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The FHSU Computer Technology Examination is based on the "Four Areas of Knowledge" listed in the following information. The Kansas Board of Regents is the source of the information that follows.
The Qualified Admissions Precollege Curriculum approved by the Kansas Board of Regents on October 17, 1996, includes one high school unit of computer technology. The Board of Regents also approved a provision that students can meet this requirement by completing a course or by passing a computer proficiency examination. In either case, it is imperative that high schools award at least one unit of credit to ensure that students have completed this component of the precollege curriculum.
The information below describes the content areas and outcomes that should be included in courses or on proficiency examinations.
The diversity of computer systems, hardware and software make it impossible to provide an exhaustive list of all important topics. For reference, the information that might be the subject of the examination has been divided into four areas. Within each area are terms that might be important and tasks that students should be able to complete. High School teachers are free to provide additional information to students who are preparing for study at a Regents university.
Operating System, Macintosh, Microsoft Windows, MS-DOS, Unix, OS/2. Concepts relevant to all Operating Systems: file, command, format, ASCII, binary, compression, prompt, directory or folder, menu, utility programs, server. Specialized Operating Systems Concepts: graphical user interface (GUI), multiprocessing, multitasking, root directory, clipboard. Computer hardware, central processing unit (CPU), monitor, mouse, video resolution color depth, keyboard, motherboard, printer, random access memory (RAM), scanner. (For some purposes, it may be important to know about more specialized terms, such as read only memory (ROM), expansion slot, sound card, video card, bus, analog, digital, serial port, parallel port.) Magnetic storage media, diskette, CD-ROM, hard disk, bit, byte, kilobyte, megabyte, gigabyte, optical storage. Modem, baud.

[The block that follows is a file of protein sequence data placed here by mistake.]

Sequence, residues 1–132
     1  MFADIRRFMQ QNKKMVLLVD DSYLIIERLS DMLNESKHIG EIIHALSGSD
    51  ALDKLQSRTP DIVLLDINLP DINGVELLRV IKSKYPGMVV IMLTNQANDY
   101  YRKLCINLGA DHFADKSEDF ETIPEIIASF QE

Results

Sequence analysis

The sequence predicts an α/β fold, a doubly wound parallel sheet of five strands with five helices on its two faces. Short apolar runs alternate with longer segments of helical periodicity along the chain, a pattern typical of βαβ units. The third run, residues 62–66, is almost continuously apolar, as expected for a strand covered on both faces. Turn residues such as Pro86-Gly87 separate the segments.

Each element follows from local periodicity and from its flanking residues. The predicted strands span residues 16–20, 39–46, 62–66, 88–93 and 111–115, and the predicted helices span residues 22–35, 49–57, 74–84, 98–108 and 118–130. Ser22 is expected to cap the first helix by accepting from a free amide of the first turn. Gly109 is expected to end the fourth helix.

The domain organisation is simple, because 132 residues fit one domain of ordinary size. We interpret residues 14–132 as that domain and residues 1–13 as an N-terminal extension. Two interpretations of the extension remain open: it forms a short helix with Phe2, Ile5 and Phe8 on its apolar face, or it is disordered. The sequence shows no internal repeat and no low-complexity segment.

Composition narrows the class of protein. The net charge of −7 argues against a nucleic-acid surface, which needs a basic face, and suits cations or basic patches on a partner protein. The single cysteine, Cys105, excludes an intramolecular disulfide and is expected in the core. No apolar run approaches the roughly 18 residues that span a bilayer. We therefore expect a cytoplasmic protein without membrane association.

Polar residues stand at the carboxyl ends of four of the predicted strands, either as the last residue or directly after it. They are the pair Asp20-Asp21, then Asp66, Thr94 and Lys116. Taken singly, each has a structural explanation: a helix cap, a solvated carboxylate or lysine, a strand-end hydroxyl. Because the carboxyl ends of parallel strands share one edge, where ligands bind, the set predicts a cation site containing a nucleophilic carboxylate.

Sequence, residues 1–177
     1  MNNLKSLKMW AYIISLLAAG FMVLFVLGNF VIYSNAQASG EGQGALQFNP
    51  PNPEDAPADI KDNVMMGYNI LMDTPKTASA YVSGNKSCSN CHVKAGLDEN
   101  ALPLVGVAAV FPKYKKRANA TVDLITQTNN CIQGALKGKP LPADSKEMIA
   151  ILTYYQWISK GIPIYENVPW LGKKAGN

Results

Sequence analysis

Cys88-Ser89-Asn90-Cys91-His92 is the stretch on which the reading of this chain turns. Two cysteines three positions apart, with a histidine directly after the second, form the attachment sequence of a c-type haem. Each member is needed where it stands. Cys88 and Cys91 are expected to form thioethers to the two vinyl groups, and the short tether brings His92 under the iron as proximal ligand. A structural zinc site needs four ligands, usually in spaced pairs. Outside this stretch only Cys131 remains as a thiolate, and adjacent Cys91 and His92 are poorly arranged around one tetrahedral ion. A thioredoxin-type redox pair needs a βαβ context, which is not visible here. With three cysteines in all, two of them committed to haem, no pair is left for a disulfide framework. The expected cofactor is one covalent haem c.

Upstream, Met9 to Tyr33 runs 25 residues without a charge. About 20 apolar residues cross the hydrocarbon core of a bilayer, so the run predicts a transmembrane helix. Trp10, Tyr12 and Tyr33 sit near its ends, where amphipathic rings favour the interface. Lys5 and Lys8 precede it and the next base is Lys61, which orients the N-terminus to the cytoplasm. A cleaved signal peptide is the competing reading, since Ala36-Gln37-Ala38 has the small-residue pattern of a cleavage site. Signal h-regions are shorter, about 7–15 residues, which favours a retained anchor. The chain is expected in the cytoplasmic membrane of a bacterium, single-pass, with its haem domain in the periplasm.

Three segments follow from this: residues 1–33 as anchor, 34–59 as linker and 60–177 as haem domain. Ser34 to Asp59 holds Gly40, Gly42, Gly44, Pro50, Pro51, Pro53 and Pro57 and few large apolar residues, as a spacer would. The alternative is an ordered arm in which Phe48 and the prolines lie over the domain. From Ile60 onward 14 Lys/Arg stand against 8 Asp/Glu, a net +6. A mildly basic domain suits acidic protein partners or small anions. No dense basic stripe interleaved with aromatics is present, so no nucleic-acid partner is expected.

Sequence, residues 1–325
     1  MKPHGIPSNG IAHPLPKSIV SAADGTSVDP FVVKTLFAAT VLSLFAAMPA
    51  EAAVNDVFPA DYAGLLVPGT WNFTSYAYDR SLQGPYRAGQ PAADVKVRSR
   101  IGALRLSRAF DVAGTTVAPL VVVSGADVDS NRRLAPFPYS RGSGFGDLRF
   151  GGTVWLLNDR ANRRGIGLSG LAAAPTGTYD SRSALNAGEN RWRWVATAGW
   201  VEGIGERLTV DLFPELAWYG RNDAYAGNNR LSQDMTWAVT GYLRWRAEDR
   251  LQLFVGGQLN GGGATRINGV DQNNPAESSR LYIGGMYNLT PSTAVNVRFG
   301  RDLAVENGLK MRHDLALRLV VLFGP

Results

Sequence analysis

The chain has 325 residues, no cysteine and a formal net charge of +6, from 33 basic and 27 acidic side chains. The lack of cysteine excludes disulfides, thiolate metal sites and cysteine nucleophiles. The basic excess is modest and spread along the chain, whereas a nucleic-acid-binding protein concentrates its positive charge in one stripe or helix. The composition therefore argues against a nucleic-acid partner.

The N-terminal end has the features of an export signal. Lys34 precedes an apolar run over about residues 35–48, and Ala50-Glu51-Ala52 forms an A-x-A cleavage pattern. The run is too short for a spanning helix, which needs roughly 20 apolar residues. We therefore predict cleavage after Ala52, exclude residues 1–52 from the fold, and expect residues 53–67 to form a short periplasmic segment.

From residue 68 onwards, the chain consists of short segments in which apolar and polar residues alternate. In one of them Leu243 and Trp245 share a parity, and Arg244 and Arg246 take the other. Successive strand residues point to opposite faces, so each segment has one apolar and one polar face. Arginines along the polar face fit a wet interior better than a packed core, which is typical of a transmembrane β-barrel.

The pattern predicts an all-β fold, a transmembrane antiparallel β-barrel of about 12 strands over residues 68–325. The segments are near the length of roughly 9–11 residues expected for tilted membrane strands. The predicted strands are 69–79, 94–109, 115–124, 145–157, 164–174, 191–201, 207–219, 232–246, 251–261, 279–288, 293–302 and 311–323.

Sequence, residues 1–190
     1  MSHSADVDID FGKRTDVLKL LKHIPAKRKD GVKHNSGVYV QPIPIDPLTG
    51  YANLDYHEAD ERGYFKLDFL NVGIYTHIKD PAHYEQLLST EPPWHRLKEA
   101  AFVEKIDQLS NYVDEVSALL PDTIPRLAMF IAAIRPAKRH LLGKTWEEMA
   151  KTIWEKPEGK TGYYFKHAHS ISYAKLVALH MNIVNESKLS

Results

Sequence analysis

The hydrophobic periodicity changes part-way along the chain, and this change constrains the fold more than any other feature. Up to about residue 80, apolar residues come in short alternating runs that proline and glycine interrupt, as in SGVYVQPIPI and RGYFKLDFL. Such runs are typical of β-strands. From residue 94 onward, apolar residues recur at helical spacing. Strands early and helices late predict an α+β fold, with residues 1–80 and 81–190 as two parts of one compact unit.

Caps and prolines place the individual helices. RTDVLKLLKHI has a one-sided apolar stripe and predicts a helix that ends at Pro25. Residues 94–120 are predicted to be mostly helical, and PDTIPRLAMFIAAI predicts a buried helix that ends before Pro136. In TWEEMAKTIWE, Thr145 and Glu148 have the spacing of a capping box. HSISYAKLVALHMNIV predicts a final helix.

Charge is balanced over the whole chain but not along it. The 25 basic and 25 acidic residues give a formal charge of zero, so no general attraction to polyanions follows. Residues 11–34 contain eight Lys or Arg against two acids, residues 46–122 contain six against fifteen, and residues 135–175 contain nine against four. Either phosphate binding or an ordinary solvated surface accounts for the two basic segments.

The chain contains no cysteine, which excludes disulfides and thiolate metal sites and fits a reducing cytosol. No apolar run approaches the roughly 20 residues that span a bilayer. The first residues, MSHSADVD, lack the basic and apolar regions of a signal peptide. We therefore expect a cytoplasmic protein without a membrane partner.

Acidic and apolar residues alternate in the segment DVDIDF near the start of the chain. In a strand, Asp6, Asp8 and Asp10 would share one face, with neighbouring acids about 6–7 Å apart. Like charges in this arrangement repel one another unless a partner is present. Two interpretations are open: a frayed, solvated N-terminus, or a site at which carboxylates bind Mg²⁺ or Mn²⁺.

B. Relevant Skills
C. Sample Task to Demonstrate Knowledge of Hardware and Operating System
Suppose you have $2,500 to purchase a computer system for your room at college. You are majoring in business, so you will need word processing, spreadsheet, and database software. You will also need a CD-ROM, a modem and a printer. Use the Internet to search for components and pricing for three alternative computer systems. Print the Web pages to document your selections. Create a spreadsheet to develop a system cost comparison model. Use the following column labels: Component, Price, Alternative 1, Alternative 2, and Alternative 3. Use a word processor to write a brief justification for each of your selections, such as processor type and speed, amount of memory, hard disk size, etc.
A. Software Glossary
Word Processor, boldface, center, cut, justify, edit, font, format, paste, spell check, type size, underline. Spread Sheet, cell, attributes of a cell, chart, copy across, copy down, formula, absolute reference, relative reference. Data Base, field, filter, record, report, sort. Presentation software, slide.
B. Word Processing Skills
The ability to create, edit, and produce documents is one of the vital skills. It is expected that any student who will attend a Regents’ Institution should be able to accomplish tasks such as these:
C. Spreadsheet Skills
Spreadsheets are increasingly common tools for organization of data. A student ought to be able to complete these tasks.
D. Data Base Software Skills
Data base programs are not as well known as word processors and spread sheets, but they are used widely in business and government.
E. Presentation Software
Computer programs exist that can organize material in outline form and incorporate visual and sound effects to enhance a presentation. Students who have experience with such software might be asked to complete the following tasks:
Many operating systems now allow a computer operator to open several programs at once. This is true of the Macintosh, Microsoft Windows, OS/2 and X-windows for Unix. A person who has a knowledge of a system with multi-tasking ought to be able to carry out a sequence of the following sort:
Network, local area network, client/server, Ethernet, host, Unix, gopher, file transfer protocol. Internet World Wide Web, browser, uniform resource locator (URL), HTML, hypertext, download/upload, bookmark, BBS. Online telecommuting, teleconferencing, discussion list, virus, Usenet, flame, FAQ, telnet, e-mail.
Copyright, fraud, legislation, laws, privacy, ethics, computer crime.
B. Important Ethical Issues in Computing
C. Example tasks that might assist the student in study of the ethical and legal issues of privacy, copyright, and computer crime include the following:
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